What happens on the mat should be reflected in our vision of the world and our actions in it. When we think of inversions, those classic images of handstand (adho mukha vrkshāsana), forearm stand (pincha mayurāsana) and supported headstand (salamba śirsāsana) are most likely the first things that will pop into our imaginative eye. Rarely would one think of wealth redistribution, reduction of human waste or the abolishing of animal agriculture. If you think of inversions in a purely āsana sense, inside of a classroom at your local yoga school, this is a start but it is by no means an end unto itself. It is interesting to note that one of the most powerful inversions is not an āsana but a mudra – vīparita karani which is translated as “attitudes reversing” in the Bihar version of the Hatha Yoga Pradipika.
Essentially, all of the āsanas that have a high degree of bodily inversion have the power to reflect back our attitude, disposition or feeling. It shines a spotlight on our tendencies and orientations, especially those manufactured by the mind. When upside down, our relationship with reality has flipped and can bring about fear or even a feeling of unworthiness or weakness. When inversions are practiced safely, and with clear guidance, fear dissipates and strength increases. We are immediately aware of a lack of proprioception when our bearings change. Through practice we can learn to get comfortable, firm and capable in the new world view.
The āsana practice helps to confront our ways of being, and we may begin to see where else we can replicate this process of inversion in the broader and deeper sense of the word. The strength and mental fortitude to meet a fear-inducing situation like a handstand in the middle of the room can, and should, transfer into daily life. It can be scary to speak up against what we see as wrong in the world. We may fear being ostracized from friends or family if we do. We may see that our lifestyle causes an unnecessary amount of harm in the world, but may not be sure how to adopt a lifestyle that is less toxic or harmful. It can all be scary and we can start to lose sense of where we belong or who we are. In those moments, the residual effect of the āsana practice can remind us of our resilience. With practice and patience, the right choices will present themselves, and we will have the courage to choose them. What once seemed impossible becomes possible, placing what seemed unreachable, within our grasp.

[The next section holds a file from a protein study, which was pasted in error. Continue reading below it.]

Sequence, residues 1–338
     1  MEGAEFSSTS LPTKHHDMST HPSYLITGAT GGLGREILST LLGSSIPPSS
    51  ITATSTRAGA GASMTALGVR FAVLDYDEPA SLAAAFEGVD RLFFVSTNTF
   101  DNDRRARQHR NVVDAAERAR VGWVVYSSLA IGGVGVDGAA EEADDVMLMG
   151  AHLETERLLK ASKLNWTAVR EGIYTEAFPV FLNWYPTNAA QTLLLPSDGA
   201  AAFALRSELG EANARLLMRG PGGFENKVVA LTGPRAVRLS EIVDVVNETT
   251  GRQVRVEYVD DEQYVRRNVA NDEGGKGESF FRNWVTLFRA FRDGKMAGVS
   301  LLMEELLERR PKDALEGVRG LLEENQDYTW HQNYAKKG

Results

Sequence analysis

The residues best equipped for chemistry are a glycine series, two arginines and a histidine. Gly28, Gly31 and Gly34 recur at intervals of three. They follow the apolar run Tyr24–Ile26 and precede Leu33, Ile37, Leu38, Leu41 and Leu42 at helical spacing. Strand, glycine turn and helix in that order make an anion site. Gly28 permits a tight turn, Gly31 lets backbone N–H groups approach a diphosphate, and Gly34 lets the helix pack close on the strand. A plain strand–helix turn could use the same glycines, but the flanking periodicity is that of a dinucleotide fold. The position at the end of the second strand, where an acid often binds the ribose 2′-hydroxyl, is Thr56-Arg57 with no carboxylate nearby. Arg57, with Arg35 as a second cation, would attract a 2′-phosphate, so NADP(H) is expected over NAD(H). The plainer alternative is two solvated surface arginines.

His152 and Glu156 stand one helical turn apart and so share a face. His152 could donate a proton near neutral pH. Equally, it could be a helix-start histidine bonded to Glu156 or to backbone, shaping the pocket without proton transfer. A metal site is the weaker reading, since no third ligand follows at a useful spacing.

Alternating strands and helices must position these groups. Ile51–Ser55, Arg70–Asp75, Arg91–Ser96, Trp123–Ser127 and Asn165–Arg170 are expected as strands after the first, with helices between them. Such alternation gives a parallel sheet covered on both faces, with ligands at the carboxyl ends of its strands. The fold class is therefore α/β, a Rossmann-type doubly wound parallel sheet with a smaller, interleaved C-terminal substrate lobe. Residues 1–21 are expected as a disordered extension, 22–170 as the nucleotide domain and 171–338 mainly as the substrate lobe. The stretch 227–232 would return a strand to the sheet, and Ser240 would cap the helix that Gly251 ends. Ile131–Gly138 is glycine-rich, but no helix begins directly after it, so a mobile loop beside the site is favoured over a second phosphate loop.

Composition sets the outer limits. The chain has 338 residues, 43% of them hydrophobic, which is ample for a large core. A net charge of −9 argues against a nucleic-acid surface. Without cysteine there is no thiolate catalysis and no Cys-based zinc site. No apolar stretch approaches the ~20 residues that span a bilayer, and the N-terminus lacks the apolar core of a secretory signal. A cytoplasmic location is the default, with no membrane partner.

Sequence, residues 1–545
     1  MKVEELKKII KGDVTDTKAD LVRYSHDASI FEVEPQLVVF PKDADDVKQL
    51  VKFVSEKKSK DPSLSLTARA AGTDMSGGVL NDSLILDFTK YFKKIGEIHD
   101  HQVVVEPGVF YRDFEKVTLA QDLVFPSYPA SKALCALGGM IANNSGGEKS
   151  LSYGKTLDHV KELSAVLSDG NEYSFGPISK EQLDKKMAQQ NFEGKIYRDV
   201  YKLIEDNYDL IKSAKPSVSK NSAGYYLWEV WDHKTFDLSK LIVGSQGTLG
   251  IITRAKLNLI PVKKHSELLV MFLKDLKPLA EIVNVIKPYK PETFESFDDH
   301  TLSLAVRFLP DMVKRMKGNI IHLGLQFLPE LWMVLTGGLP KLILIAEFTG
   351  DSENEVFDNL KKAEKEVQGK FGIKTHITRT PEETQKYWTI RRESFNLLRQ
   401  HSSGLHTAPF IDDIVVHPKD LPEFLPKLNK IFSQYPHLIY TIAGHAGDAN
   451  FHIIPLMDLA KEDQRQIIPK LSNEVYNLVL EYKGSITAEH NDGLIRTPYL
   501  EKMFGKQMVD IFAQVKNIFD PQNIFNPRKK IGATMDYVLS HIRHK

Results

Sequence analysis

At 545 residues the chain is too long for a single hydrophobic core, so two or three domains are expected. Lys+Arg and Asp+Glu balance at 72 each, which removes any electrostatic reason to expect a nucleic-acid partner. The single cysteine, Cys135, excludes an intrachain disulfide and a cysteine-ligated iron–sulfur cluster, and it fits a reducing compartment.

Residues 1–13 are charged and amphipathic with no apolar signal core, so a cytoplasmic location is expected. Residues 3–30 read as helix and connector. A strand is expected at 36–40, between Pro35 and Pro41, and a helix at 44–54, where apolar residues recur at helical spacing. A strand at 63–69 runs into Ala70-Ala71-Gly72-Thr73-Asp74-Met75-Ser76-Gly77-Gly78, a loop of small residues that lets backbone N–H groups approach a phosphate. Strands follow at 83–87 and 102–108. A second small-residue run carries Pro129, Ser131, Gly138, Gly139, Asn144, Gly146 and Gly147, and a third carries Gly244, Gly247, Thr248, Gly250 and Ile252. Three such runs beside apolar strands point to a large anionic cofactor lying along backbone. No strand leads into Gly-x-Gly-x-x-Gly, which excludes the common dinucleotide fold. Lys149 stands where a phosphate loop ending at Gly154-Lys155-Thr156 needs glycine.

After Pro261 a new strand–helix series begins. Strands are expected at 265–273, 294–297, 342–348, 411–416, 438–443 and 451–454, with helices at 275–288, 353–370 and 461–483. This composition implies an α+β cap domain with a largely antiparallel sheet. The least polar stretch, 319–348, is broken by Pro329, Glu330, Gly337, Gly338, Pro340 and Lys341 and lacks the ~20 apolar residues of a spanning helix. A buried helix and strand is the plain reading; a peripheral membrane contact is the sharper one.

As in all shifts, preparation is of the upmost importance. Otherwise, we run the risk of not only draining ourselves but also those around us and devaluing the potential of any action. The Hatha Yoga Pradipika refers directly to the ordinary movement of consciousness beginning in the skull and eventually moving down and out, essentially being wasted in the process. We have all had this experience, when we are around a certain person, place or environment that we feel has a negative attitude or impact and it drains us. What we choose to eat, expose our minds to (movies, books, magazines, etc.) can add to or diminish our panic storehouse. Even a poorly planned āsana practice can leave us feeling more wiped out than before. We want our practice, food choices, friendships and jobs to help raise our energy and expand our consciousness. We want each practice to bring about a greater sense of being whole.
A yogic practice always begins with self and radiates outward into relationships with others. Use these precious moments inverted to see through new eyes. Be open to the effect that each āsana has, and be in dialogue with it through listening to what comes up. The goal is never to accumulate an ever-growing list of circus tricks; it is always to help wipe away the impurities in our vision and hesitation in our action.